November 24, 2011

Pangeanic’s development team gathered important input on real advances on MT from the academia at the International Workshop on Using Linguistic Information for Hybrid Machine Translation (LIHMT-2011) and the practical Saturday session ML4HMT (META NET WP2) in conjunction with DKFI. These sessions were really geared for development personnel and those with a personal interest in making use of the best of research on MT and its different flavors to improve current state-of-the-art systems. Attendants and presenters were academics from the US, European Union and Japan involved in different MT areas. The theme was state-of-the-art developments in combinations (often involving Moses) and hybridization of rule-based approaches with statistics. Sessions dealt with combined approaches using syntax, grammatical information, rules and statistical systems.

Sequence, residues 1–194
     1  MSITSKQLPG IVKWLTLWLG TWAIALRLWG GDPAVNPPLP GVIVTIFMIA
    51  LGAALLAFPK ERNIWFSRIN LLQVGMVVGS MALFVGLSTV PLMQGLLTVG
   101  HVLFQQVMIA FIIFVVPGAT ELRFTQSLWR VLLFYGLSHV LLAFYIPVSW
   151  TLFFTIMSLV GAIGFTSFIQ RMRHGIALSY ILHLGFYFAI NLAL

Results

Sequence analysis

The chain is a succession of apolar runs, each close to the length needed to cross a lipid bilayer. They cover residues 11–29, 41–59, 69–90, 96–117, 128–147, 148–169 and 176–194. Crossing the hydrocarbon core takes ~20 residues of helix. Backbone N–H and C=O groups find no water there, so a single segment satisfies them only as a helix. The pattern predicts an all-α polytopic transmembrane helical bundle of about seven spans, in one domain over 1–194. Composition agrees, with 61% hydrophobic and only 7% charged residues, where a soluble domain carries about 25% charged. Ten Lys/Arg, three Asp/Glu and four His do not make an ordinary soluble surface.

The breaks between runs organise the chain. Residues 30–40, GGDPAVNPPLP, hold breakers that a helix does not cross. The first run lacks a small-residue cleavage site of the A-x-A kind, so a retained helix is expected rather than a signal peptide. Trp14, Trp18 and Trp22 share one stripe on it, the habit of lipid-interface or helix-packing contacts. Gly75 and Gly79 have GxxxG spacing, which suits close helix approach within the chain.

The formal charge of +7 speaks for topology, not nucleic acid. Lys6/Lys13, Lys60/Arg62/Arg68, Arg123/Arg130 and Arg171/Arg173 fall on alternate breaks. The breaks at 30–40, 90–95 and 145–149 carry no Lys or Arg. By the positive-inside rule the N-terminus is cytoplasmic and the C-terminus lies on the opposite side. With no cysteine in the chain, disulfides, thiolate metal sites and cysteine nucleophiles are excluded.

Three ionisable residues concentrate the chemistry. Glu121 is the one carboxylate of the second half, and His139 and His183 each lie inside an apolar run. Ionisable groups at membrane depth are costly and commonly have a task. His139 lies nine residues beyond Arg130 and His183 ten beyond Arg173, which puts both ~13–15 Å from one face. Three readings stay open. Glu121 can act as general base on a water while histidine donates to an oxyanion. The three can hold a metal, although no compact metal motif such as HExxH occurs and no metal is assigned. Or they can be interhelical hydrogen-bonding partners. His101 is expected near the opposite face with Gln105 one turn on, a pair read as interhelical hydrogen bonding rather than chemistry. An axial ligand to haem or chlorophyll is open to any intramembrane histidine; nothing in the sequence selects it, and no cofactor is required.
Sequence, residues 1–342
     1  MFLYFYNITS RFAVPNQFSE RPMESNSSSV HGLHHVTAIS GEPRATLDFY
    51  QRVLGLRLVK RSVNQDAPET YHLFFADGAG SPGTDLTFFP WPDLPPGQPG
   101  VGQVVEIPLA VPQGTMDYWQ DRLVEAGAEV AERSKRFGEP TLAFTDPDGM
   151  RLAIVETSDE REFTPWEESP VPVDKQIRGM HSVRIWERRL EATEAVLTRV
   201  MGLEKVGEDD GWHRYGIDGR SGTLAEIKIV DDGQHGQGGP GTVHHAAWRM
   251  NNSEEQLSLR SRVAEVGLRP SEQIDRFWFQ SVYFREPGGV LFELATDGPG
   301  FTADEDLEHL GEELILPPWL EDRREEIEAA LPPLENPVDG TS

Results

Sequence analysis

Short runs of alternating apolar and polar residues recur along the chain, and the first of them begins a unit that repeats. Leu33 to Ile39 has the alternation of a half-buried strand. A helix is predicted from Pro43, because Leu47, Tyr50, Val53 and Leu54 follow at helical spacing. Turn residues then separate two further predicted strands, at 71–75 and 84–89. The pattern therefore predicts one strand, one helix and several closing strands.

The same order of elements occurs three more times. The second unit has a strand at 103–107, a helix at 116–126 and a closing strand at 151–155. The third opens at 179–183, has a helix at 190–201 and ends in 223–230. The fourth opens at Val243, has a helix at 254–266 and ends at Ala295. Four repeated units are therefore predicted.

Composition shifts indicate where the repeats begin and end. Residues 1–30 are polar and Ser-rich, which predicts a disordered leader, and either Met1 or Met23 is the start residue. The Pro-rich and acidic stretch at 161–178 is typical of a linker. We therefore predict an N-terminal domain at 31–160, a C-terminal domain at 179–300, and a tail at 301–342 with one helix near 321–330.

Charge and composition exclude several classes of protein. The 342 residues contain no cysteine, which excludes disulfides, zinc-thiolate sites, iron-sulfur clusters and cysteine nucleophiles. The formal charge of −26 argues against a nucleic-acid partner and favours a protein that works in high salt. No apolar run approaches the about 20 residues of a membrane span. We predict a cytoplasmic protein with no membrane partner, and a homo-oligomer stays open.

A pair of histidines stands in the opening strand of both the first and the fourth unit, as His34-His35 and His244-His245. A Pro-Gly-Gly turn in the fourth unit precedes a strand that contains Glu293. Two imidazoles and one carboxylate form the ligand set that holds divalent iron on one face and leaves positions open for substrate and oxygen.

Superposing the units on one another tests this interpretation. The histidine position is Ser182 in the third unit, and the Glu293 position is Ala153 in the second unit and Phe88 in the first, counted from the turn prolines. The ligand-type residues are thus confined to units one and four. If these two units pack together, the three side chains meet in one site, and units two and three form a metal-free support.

As different research teams are facing the same problems worldwide, some similar, other new and imaginative approaches are beginning to emerge, for example:

  • Lemmatisation, annotation for morphologically-rich languages, for example Czech and Basque and even lesser resources in the case of the 2nd one.
  • Syntax-based approaches and word re-ordering for very unrelated languages (such as Asian or Semitic languages into and out of European languages).
  • Web-based annotation tools.
  • Hybridization of techniques, starting from analysis at a morphological layer, then analytical layers, tectogrammatical layers, and then transfer, and on to synthesis to t-layers, a-layer and m-layer.
  • Word disambiguation.
  • Mixture of rule-based and statistical approaches to improve predictability.
  • Post-editing effort estimation for MT systems and with systems including no linguistic features or having some. Linguistic features are relevant for direct useful error detections and for automatic post-editing. But for sentence-level CE there are issues with sparsity and with representation.
  • New metrics like VERTa, using linguistic knowledge organized in different levels (lexical, morphological, syntactic information and sentence semantics).
This entry was posted in 2011